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When members of the Planned Parenthood Mid-Hudson Valley received word of an anti-abortion demonstration at the Poughkeepsie branch clinic, they responded with a counter-demonstration about 20 times larger. St. Mary’s Roman Catholic Church had published an announcement in its bulletin inviting parishioners to march the .2 miles to the Poughkeepsie Planned Parenthood in the middle of Friday morning Mass. However, the St. Mary’s protesters went unnoticed by members of the counter-demonstration–somehow lost in the crowd of Planned Parenthood supporters.

This event coincided with several other anti-abortion demonstrations across the country, recognizing the anniversary of the Roe v. Wade Supreme Court ruling on January 22nd. “The purpose is to pray for the end of abortion and the healing of all people involved including the mothers of the children,” explained Father Ronald Perez, an administrator for St. Mary’s.

Planned Parenthood is used to this sort of challenge. Every Wednesday, on their surgery day, the Poughkeepsie clinic deals with small groups of protestors outside of their entrance. “We have a very strict non-confrontational policy,” said Judy DiMatteo, the program and data manager for Planned Parenthood Mid-Hudson Valley. “We don’t engage with people who are anti-Planned Parenthood but we want them to know that we are here.”

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On Friday morning, organizers from Planned Parenthood had never seen, and never expected, such a huge turnout for their counter-protest. In lieu of any anti-abortion demonstration, an estimated 250 activists lined both sides of Noxon Street, holding Planned Parenthood signs and banners. Many sported pink “pussy” hats from women’s marches last weekend, and a newfound voice for reproductive rights.

Ashley Casale, Public Affairs Coordinator for Planned Parenthood Mid-Hudson Valley, suggests that while anti-choice protestors may be emboldened by the anti-choice platform of the Trump administration, in retaliation, so are many pro-choice activists.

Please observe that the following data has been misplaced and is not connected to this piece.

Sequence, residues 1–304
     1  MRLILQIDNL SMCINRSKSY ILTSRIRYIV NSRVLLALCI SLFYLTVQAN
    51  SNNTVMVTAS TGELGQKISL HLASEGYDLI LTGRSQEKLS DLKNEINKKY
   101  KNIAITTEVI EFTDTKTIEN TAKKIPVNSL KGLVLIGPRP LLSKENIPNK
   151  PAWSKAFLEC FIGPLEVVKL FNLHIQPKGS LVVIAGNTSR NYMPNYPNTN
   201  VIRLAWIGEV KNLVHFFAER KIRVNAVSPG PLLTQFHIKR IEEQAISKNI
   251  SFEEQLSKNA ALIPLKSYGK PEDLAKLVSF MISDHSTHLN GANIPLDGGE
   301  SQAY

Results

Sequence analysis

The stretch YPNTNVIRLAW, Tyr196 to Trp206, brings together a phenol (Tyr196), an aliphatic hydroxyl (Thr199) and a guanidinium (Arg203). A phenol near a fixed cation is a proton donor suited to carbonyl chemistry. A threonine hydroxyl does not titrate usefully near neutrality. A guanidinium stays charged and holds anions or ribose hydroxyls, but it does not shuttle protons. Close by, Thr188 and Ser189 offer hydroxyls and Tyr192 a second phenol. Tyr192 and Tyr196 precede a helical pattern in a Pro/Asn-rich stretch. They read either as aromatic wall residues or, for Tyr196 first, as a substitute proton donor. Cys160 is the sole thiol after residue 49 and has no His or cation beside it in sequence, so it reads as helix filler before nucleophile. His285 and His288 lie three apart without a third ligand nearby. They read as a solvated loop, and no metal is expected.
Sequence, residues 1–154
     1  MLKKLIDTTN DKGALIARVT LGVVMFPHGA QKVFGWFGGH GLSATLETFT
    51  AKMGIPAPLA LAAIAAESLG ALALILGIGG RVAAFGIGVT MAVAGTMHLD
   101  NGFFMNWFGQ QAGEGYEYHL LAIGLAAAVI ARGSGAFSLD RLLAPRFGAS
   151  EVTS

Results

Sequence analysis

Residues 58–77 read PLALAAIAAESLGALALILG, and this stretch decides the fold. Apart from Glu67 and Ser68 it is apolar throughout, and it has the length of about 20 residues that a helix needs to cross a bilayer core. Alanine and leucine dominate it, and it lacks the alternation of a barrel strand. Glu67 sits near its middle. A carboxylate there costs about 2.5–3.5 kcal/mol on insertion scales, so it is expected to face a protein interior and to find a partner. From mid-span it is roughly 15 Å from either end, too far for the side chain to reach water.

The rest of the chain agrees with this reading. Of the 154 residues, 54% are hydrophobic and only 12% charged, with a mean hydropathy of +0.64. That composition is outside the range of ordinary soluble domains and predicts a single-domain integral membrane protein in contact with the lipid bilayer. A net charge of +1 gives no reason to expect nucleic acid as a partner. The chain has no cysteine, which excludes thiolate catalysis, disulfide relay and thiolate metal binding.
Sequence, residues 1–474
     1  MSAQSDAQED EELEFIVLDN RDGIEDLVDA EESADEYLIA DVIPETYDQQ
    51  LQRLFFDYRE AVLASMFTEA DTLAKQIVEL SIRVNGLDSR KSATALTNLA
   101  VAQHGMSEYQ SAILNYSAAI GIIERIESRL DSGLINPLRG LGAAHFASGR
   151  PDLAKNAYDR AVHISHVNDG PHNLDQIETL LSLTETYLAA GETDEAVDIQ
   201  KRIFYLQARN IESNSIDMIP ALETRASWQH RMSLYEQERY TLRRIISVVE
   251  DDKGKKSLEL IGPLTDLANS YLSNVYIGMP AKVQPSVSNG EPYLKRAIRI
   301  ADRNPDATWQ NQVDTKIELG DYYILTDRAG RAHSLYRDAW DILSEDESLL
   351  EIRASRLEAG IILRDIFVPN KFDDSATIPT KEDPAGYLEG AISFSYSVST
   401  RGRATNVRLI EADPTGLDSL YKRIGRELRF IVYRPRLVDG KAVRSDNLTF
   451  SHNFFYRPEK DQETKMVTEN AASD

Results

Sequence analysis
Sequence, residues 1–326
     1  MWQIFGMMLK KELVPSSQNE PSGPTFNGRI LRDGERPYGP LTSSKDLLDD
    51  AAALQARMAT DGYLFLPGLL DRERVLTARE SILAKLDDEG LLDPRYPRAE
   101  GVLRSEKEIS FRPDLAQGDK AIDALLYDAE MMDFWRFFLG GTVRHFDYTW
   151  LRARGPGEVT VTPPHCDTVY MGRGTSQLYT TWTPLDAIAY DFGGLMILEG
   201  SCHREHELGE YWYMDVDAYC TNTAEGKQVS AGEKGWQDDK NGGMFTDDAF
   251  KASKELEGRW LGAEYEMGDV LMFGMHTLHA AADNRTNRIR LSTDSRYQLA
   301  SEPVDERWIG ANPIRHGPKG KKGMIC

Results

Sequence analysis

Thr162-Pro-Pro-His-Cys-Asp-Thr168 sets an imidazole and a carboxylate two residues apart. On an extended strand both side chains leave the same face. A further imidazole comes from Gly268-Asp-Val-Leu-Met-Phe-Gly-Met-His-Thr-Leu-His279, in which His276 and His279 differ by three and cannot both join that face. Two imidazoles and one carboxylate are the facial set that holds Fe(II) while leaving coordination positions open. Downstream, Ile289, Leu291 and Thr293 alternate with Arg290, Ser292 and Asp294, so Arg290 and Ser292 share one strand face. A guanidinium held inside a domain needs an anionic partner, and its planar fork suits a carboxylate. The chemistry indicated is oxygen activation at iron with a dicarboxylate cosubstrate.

“All the people that [we] saw out on the street today are all the people that have always cared about Planned Parenthood and that have always supported but maybe they wouldn’t think to come out in an activist way,” said Casale.

Five students from the Marist Democrats club turned out to represent the college, while a few dozen Vassar students made up the rest of the college crowd. Some of the Vassar students led call and response chants and many held handmade cardboard signs.

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“Any chance I can get to take direct action in my community is the best way to stand up for our rights and women’s health and women’s choices,” said Isabel Schneck, a sophomore at Vassar. “So if there’s something that’s going on right by campus, for whatever cause that it is, I would stand up for that.”

The Planned Parenthood supporters never actually came face to face with the members of the St. Mary’s parish. An hour came and went without any recognition of the opposition out on the street, so members of the counter-demonstration began marching around the block in support of their cause.

“My sense is that they probably came, saw the huge contingency of support for Planned Parenthood out here and decided that it would be useless for them to stop and be here,” speculated Frances Fox-Pizzonia, Vice President of Education and Public Affairs.

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According to Father Ronald Perez, a dozen parish members had departed for Planned Parenthood at 8:30 and returned around 9, though apparently unnoticed by the counter-protesters. “Some people stayed and the rest of them went for a march to Noxon street, praying of course, and then they came back to the church,” he said. He added that he had not actually spoken to any of the protesters when they returned “because we were praying.”
Whether or not the protesters had made it to Noxon Street, the activists and patients remained unaffected by their march. “It’s our spot and our patients should feel safe and comfortable coming here,” Casale said. “The fact that we took the sidewalk supporting Planned Parenthood and took [the protester’s] spot is awesome–it is what we wanted.” Planned Parenthood was ultimately able to uphold scheduled appointments and provide undisturbed healthcare to patients.

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